8 Steps to Overcome Perfectionism
Do You Consider Yourself a Perfectionist?
Perfectionist is one of those words that gets tossed around a lot when you have high standards, you're detail-oriented, or you're really particular or "picky" when it comes to completing tasks.
A perfectionist is commonly seen as someone who strives for perfection in whatever they're doing. These are people who are often viewed as high-achieving or over-achieving, as well as motivated and meticulous.
But perfectionism is not just the desire to do things well and it often has little to do with the actual outcomes and achievements.
It really comes down to the way you think about yourself and it's linked to a deep need for validation, praise, recognition, or feeling valued.
As a perfectionist you have a tendency to be self-critical and you have a persistent concern about criticism from others. This often stems from a deep-seated view of yourself as “not good enough” which makes it hard to accept positive feedback or feel fully satisfied with your accomplishments.
This also comes with a strong fear of failure because failure would only reinforce the negative view you have of yourself AND it could lead to criticism from others, both of which would be difficult to bear.
Of course, perfectionism does have its benefits – it can be motivating and it probably has contributed to a lot of your success and achievements... but it also has its consequences.
Here are a few of the negative consequences of perfectionism:
Increased anxiety and stress; feeling pressure to meet high, sometimes unrealistic expectations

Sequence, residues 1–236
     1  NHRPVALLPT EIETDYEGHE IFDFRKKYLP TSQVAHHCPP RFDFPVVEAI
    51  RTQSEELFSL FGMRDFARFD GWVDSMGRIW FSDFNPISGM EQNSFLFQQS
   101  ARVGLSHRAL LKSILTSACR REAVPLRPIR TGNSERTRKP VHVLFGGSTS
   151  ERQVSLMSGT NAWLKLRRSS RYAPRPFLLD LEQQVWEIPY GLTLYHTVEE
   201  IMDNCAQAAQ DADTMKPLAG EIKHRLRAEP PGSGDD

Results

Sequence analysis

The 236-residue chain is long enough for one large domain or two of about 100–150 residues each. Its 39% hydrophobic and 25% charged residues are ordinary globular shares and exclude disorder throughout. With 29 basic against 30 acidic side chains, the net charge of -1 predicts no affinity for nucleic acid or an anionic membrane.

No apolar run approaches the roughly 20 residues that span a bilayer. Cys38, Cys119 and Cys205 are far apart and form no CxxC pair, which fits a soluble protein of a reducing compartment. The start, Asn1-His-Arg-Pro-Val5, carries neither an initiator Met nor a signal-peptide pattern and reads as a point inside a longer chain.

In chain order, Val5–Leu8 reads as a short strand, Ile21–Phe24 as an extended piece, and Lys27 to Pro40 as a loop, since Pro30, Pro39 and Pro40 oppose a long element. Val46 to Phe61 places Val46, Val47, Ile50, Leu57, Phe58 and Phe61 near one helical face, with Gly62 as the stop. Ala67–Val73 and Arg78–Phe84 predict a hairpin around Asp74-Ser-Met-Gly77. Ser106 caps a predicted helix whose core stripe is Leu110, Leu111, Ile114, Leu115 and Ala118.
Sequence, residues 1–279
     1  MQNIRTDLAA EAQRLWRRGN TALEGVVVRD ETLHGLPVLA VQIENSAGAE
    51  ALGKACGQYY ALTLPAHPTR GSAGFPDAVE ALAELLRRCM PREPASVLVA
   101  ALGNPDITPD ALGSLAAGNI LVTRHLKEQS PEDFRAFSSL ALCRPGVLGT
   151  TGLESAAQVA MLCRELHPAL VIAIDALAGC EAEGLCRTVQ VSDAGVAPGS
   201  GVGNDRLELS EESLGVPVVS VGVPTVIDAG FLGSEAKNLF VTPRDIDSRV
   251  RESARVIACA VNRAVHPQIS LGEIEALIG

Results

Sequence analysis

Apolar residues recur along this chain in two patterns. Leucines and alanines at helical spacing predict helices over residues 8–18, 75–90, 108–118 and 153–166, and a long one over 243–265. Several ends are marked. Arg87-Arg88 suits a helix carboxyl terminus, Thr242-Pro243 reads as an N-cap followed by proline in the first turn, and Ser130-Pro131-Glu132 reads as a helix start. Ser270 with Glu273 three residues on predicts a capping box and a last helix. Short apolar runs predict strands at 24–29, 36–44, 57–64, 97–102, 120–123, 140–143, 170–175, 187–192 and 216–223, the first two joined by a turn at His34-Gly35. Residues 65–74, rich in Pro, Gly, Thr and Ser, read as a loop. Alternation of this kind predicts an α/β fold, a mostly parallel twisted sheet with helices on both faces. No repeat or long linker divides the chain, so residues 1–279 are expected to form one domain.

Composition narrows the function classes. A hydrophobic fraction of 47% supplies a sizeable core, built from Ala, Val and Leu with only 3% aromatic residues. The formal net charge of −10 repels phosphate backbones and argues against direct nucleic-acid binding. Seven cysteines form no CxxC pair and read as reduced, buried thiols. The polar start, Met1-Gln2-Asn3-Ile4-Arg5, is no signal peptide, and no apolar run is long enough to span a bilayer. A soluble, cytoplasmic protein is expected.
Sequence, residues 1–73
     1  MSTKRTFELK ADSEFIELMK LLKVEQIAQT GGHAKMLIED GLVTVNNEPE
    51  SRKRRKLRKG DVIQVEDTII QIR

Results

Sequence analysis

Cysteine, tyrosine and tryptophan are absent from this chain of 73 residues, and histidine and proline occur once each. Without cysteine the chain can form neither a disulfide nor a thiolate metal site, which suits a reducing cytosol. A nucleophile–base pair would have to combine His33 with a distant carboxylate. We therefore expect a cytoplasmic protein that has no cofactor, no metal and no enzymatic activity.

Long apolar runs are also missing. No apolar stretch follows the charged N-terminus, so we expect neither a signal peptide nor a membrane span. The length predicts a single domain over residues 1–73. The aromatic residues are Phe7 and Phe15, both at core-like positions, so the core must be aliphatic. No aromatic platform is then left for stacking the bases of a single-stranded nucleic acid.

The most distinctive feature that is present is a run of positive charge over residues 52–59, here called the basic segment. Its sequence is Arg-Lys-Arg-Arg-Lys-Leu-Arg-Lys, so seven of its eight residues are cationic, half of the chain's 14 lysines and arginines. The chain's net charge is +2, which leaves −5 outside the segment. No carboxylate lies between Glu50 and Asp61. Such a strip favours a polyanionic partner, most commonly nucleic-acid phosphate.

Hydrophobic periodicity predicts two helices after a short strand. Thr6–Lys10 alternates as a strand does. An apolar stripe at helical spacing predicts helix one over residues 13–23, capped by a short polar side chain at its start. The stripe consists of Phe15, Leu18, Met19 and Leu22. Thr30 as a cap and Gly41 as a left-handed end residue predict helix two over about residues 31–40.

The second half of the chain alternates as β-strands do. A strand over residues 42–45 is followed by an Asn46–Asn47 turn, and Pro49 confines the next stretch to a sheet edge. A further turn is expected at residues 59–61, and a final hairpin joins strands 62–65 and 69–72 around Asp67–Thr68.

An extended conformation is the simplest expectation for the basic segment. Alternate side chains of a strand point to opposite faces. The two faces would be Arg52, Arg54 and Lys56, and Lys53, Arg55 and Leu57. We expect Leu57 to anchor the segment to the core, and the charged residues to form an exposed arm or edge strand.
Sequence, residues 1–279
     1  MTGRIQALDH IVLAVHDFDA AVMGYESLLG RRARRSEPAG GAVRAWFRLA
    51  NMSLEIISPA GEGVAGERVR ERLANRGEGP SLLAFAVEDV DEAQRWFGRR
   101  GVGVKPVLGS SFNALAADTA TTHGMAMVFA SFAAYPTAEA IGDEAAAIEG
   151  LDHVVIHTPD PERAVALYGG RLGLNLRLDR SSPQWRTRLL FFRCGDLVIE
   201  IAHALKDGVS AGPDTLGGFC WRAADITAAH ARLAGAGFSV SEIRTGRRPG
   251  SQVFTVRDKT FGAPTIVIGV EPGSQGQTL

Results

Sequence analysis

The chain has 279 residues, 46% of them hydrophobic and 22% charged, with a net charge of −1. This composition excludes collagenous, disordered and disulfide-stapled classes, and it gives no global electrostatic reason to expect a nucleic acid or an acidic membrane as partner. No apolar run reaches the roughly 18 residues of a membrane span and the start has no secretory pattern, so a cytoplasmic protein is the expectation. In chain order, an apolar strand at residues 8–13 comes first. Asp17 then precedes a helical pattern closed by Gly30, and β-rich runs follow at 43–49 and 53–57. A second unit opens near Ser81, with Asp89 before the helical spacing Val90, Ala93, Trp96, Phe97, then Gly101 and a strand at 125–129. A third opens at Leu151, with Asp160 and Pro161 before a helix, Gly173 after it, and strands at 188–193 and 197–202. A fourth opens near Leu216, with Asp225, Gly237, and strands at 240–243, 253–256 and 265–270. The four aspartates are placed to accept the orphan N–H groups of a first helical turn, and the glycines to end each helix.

Feeling stuck, depressed, ashamed, frustrated with yourself
Strong fear of failure or making mistakes that leads to procrastination, avoidance, and missed opportunities
High sensitivity to criticism which can lead to misreading people and seeing criticism when it really isn’t there
Difficulty delegating or sharing tasks with others because you don’t trust others to do the task well enough and you don’t want to risk being viewed as imperfect or a failure
Fixating on mistakes and spending a lot of time and energy completing tasks and projects; tasks may feel like they are never quite complete because there are always more improvements to be made
Needing a lot of reassurance
Being seen as a "micro-manager" or "control freak"
Fortunately it is possible to overcome the less appealing parts of perfectionism - you can learn to calm your fears, quiet the inner critic that insists that you aren’t good enough, and feel better about yourself, flaws and all.
Now, if you consider yourself a perfectionist you might be feeling a little resistant to letting go of your perfectionism. You may see your perfectionism as a strength or asset that has helped motivate you to do well and achieve and it might stir up some concerns that you won’t be successful without it.
You may be wondering: If I let go of my high standards will I be more prone to making mistakes? Will I lose my motivation to achieve? Will I no longer achieve as much? Will I fail?